TOPEKA — Perhaps more so than any other holiday, Thanksgiving is a time for people to be together.
That sentiment was on display once again Thursday, when the 51st annual Community Thanksgiving Dinner was held at the Kansas Expocentre's Agriculture Hall, near S.W. 17th and Tyler.
About 800 people turned out for the free meal inside Ag Hall, where long tables were placed end to end.
In addition, about 2,700 dinners were delivered to homes across Topeka.
Organizers said the total number of meals served on Thursday was more than 3,500 — up nearly 1,000 from the 2,550 served at least year's dinner.
As usual, a small army of volunteers pulled off the dinner on Thursday.
And, as usual, the Topeka community responded to an eleventh hour call for help, bringing in dozens of cans of sweet potatoes and showing up to volunteer as drivers for the many meals delivered across the city.
The meal included sliced turkey, mashed potatoes and gravy, stuffing, green beans, sweet potatoes, cranberry sauce, rolls and pumpkin pie.
A well-orchestrated system was in place as volunteers carried large circular trays containing several dinners to the tables where people were seated. Others made sure people had plenty of soft drinks and coffee in their cups.
Volunteers said they were glad to be able to spend part of their Thanksgiving serving meals to people from all walks of life and all corners of town.
Linda Perkins said she came to volunteer after the Rev. Adrian Goodlow, pastor of her church, presented the opportunity to serve at a recent service at Church of the Living God, 2816 S.E. Jefferson.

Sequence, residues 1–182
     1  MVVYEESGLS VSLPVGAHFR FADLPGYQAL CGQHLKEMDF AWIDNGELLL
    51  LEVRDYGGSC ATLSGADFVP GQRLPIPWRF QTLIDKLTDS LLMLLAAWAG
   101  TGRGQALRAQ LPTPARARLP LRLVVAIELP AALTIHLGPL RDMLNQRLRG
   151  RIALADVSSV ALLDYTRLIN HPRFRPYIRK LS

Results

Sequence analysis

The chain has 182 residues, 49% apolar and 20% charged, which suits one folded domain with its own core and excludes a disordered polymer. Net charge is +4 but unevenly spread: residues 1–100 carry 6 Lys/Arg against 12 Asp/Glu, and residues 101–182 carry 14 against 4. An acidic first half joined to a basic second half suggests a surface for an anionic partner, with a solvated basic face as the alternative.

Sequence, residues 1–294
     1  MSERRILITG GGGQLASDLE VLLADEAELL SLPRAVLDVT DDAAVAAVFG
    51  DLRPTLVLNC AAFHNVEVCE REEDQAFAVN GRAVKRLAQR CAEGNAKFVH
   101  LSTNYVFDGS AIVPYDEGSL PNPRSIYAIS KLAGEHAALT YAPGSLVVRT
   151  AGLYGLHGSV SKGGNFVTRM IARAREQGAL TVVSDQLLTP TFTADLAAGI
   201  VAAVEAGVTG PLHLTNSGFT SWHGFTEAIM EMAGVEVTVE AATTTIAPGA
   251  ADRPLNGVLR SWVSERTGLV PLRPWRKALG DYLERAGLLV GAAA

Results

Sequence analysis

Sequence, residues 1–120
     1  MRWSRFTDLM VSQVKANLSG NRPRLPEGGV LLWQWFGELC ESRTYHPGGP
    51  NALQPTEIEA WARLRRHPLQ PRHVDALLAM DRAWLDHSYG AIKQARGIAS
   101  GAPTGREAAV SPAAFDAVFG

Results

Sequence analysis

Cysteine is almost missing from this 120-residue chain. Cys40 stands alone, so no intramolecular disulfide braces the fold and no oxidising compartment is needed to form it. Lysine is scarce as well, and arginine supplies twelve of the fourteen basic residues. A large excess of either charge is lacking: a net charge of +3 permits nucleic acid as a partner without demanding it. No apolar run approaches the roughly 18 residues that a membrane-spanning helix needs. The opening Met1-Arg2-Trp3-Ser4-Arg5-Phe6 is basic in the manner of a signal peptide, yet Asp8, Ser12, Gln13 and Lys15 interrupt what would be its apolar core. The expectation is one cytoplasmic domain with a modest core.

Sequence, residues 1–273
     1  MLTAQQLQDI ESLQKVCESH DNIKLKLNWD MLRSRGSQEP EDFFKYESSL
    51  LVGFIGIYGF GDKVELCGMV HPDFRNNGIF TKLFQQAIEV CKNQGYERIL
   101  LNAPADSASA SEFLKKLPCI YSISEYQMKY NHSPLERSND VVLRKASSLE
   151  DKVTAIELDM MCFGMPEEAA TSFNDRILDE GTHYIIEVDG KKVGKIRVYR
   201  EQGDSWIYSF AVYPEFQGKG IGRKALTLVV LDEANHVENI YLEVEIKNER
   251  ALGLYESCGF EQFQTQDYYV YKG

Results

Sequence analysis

Perkins, who was helping put turkey on dinner plates, said the church members came "to be a blessing."
Those who dined at Ag Hall praised the volunteers.
"I've been coming to this dinner for about the last 10 years," said Tim Rohr, 61, of Topeka. "What I like is the people and the food."
Rohr said he was impressed with the way volunteers worked together to get the meals to guests: "They did an excellent job," he said.
About 200 volunteers continued the longstanding community dinner tradition, which traces its history to 1968, when Pauline Johnson and the late Addie Spicher organized a Thanksgiving meal at the former East Topeka United Methodist Church at S.E. 7th and Lime.
The late Grant Cushinberry started a dinner about the same time, and the two meals later merged. Cushinberry spearheaded efforts during the 1970s, '80s and '90s to line up donations, locations and volunteers for the meal, which was held in the old Municipal Auditorium and the Kansas National Guard Armory before finally finding a home at Ag Hall.
The meal for the past few years has been organized by the Topeka Community Thanksgiving Dinner Foundation. For a number of years, Myron Johnson, the son of Pauline Johnson, served as president of the foundation, and Dwight Menke served as its vice president. Johnson and Menke stepped down from their roles after last year's dinner.
David Braun, 25, of Topeka, volunteered to take the lead for the foundation for this year's dinner. He said Thursday afternoon that he was pleased with the event.
"I think it was successful," Braun said. "It was a lot of fun. We got a lot of people fed, and everyone had a good time."
Braun said that while there was no shortage of food donations, the Community Thanksgiving Dinner Foundation was still about $1,000 shy of its $12,000 goal for the meal. Donations may be dropped off at any CoreFirst Bank location in Topeka.